Trouble has its ways of finding Australian billionaire James Packer wherever he goes.
The Packer-led Crown Resorts is once again at the center of an Australian regulatory probe amid allegations that it allowed tampering of its poker machines, The Sydney Morning Herald reported.
Australian gambling watchdog Victorian Commission for Gambling and Liquor Regulation (VCGLR) has green-lit a disciplinary proceeding against Crown in connection with the company’s alleged move to “blank out” certain electronic gaming machines on the casino floor.
If lady luck smiles, then VCGLR might only order the suspension of Crown’s operation and impose fines on the casino operator. The worst case scenario for Crown is if the VCGLR decides to revoke the license of Crown’s flagship casino.
The VCGLR said its probe prediated the testimonies of the whistleblowers that Australian Independent MP Andrew Wilkie presented to the House of Representatives’ federation chamber in October 2017.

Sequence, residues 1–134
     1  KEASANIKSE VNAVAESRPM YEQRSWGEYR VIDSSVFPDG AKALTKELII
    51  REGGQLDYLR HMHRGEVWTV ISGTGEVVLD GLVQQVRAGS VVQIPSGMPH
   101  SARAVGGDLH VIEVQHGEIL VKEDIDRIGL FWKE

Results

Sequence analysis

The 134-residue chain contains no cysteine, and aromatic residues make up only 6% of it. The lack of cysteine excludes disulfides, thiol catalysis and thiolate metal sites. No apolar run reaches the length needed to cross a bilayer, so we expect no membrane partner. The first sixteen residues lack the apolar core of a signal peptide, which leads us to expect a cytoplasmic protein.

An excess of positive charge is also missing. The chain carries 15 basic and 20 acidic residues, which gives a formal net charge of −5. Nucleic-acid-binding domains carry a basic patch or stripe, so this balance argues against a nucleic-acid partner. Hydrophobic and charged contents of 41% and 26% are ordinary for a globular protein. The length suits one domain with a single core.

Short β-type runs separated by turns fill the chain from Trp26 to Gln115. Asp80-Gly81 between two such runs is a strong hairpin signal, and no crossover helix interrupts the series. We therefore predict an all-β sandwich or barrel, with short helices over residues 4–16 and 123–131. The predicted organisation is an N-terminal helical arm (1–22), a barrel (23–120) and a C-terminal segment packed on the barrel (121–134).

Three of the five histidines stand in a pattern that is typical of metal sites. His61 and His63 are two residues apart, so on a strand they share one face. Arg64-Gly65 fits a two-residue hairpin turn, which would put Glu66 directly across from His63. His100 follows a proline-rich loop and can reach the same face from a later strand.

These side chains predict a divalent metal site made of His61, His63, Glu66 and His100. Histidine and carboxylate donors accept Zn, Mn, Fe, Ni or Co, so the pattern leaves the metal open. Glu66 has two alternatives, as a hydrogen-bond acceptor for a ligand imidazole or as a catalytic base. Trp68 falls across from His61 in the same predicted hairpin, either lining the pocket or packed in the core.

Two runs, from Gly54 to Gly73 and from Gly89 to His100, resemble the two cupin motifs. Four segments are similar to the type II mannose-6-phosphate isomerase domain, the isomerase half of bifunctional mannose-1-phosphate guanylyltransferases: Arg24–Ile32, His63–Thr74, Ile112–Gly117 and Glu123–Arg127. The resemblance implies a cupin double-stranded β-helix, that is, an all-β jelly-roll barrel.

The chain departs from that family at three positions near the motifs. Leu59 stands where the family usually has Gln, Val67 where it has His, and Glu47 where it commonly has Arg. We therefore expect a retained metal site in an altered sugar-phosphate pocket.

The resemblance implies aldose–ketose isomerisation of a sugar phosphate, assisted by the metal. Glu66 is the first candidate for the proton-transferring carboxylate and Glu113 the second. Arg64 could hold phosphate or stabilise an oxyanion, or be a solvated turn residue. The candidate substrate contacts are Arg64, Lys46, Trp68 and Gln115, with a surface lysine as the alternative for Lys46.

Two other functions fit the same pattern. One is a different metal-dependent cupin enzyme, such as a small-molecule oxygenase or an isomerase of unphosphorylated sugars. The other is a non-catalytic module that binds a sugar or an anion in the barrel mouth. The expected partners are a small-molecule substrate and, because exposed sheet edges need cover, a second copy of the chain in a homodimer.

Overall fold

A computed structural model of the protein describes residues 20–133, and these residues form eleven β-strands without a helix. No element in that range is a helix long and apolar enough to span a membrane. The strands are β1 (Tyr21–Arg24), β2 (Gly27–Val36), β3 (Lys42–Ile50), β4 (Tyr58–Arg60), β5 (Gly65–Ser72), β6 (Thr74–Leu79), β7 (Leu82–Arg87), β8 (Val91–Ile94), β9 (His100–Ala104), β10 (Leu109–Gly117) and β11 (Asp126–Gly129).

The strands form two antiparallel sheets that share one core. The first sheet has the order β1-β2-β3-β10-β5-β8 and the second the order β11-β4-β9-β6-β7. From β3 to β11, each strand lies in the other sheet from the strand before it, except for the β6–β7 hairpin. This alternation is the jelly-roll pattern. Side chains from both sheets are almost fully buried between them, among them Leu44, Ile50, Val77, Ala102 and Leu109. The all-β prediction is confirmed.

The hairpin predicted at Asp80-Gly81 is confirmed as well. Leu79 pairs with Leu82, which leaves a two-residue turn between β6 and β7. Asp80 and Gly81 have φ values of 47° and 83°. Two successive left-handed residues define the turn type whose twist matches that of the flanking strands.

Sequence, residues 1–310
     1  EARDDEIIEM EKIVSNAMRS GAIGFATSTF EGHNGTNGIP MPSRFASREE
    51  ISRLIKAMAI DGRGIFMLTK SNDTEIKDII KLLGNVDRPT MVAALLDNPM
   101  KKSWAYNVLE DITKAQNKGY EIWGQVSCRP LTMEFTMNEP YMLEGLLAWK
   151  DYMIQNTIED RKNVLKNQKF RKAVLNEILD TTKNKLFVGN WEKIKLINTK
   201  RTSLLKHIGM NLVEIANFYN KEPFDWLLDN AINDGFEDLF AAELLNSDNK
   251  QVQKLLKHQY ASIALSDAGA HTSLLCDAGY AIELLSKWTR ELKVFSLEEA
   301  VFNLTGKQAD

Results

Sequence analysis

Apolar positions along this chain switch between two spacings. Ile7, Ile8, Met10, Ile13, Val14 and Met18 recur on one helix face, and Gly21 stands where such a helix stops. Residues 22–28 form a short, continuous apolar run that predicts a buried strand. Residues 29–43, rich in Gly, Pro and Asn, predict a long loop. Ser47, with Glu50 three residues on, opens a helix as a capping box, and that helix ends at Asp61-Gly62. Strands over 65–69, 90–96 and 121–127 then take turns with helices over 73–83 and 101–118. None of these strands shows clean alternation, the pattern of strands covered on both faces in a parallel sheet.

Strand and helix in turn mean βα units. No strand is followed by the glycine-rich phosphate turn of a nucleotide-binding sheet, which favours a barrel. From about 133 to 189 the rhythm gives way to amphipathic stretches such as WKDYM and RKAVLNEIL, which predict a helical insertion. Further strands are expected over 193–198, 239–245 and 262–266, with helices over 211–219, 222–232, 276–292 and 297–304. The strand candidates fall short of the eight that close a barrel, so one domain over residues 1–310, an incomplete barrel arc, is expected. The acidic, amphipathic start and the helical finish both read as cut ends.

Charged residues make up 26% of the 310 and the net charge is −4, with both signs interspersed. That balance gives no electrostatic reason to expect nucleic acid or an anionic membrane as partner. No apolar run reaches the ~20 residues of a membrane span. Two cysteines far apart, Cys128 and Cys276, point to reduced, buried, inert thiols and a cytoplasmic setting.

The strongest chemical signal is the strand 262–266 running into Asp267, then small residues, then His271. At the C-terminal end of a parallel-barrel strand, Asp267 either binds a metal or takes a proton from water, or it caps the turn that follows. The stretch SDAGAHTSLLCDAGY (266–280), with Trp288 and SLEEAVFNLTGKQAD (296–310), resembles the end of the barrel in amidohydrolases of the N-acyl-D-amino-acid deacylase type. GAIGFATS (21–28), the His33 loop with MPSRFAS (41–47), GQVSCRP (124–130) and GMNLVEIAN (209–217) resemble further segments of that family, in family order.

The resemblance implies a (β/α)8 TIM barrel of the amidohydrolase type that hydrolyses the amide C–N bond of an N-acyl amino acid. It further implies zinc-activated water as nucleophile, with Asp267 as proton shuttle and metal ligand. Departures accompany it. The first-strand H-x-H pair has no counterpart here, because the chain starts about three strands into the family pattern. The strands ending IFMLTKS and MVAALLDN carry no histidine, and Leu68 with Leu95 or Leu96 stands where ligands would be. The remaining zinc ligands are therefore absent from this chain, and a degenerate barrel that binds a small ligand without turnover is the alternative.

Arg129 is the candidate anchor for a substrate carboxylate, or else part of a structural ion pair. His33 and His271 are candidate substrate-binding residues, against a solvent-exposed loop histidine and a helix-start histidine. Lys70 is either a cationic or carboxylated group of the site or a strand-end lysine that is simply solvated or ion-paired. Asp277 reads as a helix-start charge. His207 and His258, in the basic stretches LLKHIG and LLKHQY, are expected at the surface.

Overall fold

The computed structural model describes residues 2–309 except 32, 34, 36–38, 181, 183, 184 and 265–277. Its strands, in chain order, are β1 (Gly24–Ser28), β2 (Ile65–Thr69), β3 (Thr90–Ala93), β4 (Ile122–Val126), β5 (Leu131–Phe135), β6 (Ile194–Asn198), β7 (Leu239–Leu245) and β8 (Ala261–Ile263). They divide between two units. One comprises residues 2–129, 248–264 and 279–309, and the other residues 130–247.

The whistleblowers claimed that casino managers ordered Crown Melbourne staff to tamper with the machines, including the disabling of lower bet provisions and the modifying of buttons to allow prohibited autoplay, both of which could increase gambling losses.
They made other allegations against Crown, such as tolerating the misuse of identity documents that helped certain high-value customers avoid the scrutiny of financial watchdogs Austrac and allowing certain customers to smoke marijuana on the premises.
Of all these allegations, a VCGLR spokeswoman said that the anti-gambling watchdog has found grounds to commence with the disciplinary action proceedings related “to the use of blanking of buttons on certain electronic gaming machines on the casino floor.”
For its part, Crown insisted that they have not breached the gambling regulation act since the use of blanking buttons was part of a three-week trial on 17 of the casino’s 2628 poker machines. The casino operator insisted that the “trials” do not require the approval of the regulator. Crown has provided the commission with its position.
“The Commission’s view is that the trial involved varying a gaming machine type and certain games in a manner that required the Commission’s prior approval,” Crown said in a statement. “Crown Melbourne’s position is that the trial did not require prior approval, and therefore there has been no contravention of the [Gambling Regulation Act].”